Police and Firefighters Back Mayor's Request for Tax Hike
Columbus Firefighters and Police unions said Thursday they support the mayor's request for an income tax increase. Union representatives say safety is at the forefront of the decision.
Columbus Police and Firefighters Unions came together in support of Columbus Mayor Michael Coleman's call for a 25 percent income tax increase. Firefighters union president Jack Reall said the choice comes down to one thing: safety.
"I know that if our budget decreases significantly the only option for us is service cuts. We can lay off as many people as we want and not save money until we close stations. When we close stations that's when it gets dangerous for the citizens and our members and that's primarily what we're trying to avoid," Reall said.
Columbus Fraternal Order of Police president Jim Gilbert said the department can not afford to lose police officers. He said that would put the public and officers in danger.
"If cuts are made I'm concerned with the back up our officers, will have to wait for back up. Waiting or back up means the difference between life and death when you're that person who's a victim of a robbery or a shooting. So it's, safety's very important here. Our number one focus with this is it's for the safety of the public and the safety of police officers," he said.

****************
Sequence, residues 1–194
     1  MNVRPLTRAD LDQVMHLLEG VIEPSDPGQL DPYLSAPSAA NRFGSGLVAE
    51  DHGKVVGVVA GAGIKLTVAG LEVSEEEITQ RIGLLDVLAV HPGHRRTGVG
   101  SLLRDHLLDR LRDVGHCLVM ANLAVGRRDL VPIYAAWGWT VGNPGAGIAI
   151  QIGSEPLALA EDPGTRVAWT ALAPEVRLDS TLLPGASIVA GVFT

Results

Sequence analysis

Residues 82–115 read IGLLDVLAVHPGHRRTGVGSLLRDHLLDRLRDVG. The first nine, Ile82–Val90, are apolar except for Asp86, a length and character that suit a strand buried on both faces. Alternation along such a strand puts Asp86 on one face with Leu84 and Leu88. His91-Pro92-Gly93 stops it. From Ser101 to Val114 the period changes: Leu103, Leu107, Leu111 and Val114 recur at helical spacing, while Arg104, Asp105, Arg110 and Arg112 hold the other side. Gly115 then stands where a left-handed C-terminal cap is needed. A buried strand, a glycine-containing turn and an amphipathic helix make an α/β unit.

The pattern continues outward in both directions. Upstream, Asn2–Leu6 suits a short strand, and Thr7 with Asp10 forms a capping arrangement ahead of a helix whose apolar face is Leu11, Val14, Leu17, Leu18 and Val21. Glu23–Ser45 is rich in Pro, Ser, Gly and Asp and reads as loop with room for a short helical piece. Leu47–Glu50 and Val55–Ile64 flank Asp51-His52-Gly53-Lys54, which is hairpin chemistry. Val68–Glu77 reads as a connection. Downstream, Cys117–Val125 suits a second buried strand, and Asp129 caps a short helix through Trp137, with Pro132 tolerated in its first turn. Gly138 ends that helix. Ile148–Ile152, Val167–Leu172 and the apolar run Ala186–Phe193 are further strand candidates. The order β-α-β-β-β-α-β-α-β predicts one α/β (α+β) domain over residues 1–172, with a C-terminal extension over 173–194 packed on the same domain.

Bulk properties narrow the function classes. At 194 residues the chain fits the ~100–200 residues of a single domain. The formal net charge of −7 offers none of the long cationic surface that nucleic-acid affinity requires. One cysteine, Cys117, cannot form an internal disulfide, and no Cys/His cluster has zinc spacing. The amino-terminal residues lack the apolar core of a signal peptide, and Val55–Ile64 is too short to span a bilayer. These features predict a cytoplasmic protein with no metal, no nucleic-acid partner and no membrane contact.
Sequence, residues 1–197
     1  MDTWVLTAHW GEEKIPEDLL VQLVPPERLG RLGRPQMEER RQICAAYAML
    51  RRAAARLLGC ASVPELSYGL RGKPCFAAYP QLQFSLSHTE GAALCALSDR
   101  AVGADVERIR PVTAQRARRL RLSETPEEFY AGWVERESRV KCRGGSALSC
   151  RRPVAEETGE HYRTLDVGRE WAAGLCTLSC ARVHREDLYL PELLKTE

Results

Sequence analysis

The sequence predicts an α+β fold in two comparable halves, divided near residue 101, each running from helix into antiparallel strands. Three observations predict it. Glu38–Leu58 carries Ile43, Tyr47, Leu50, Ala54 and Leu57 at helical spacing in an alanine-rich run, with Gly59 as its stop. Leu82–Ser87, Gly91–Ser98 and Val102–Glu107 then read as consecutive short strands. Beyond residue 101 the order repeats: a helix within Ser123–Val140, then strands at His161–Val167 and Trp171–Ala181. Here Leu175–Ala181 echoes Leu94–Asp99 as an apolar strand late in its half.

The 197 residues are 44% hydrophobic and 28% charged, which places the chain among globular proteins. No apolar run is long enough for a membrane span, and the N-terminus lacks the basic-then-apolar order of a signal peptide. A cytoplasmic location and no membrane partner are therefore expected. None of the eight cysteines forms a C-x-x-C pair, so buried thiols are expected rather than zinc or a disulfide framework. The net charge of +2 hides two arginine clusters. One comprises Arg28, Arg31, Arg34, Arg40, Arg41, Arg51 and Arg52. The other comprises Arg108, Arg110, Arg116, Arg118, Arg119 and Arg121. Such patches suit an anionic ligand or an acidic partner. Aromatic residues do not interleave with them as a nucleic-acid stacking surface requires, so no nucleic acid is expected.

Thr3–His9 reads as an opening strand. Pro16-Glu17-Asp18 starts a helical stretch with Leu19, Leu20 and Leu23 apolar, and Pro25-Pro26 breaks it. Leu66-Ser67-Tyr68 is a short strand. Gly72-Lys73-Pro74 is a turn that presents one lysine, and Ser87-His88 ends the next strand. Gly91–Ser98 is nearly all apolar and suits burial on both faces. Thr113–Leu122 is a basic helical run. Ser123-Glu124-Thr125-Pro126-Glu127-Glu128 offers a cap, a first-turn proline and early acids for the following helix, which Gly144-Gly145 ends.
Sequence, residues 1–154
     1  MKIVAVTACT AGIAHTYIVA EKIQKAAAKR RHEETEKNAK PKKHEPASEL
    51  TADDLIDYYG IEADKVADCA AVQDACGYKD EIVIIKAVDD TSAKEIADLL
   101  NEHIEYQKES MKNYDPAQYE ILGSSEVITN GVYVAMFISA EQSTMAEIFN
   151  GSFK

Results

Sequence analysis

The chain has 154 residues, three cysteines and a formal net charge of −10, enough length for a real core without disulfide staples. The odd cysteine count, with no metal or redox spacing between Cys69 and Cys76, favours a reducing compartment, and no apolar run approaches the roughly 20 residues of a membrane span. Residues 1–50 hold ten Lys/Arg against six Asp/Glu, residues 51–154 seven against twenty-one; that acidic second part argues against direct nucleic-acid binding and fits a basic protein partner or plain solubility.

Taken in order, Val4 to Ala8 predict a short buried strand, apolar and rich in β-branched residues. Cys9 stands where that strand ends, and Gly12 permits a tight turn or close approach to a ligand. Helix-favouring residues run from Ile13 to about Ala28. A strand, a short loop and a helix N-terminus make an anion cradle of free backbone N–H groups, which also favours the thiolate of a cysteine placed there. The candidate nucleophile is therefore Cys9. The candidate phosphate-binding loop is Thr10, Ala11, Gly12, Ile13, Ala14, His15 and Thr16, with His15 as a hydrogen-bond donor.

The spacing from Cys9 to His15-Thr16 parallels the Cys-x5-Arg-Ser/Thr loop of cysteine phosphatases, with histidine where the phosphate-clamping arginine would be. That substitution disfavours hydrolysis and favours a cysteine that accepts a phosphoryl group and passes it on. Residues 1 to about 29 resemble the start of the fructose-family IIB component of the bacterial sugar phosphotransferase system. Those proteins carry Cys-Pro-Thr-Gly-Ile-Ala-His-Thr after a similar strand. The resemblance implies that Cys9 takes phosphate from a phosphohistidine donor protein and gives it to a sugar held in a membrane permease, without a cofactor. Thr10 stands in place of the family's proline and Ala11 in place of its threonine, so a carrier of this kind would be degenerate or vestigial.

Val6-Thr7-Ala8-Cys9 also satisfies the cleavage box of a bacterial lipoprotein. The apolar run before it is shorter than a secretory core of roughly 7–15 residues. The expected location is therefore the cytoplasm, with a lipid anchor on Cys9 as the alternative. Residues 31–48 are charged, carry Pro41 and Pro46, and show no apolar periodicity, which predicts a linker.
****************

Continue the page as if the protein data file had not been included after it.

Coleman said the proposed income tax increase - from two percent to two-and-a-half percent - is necessary to maintain basic city services.
But economic down turns are temporary. And some governments ask for temporary levies to get them through tough times. For instance, South-Western City Schools recently called for a four year levy.
But the proposed tax hike Coleman wants is permanent. He said the city considered something short-term, but the mayor said an increase has been needed for years. It's been almost three decades since Columbus's income tax has been raised.
Coleman said even if the measure passes it will not be enough close the city's budget gap. The proposed increase is projected to bring in about $97 million additional revenue each year. He said the city needs $105 million.
"The truth is we gotta continue to tighten our belts. And if we desperately need these resources now, and we've needed it in the past, we're definitely going to need it in the future as well. So I think it would be disingenuous to the public to tell them that in the future that we won't need these resources," Coleman said.
Voters will go to the polls to decide in an August special election.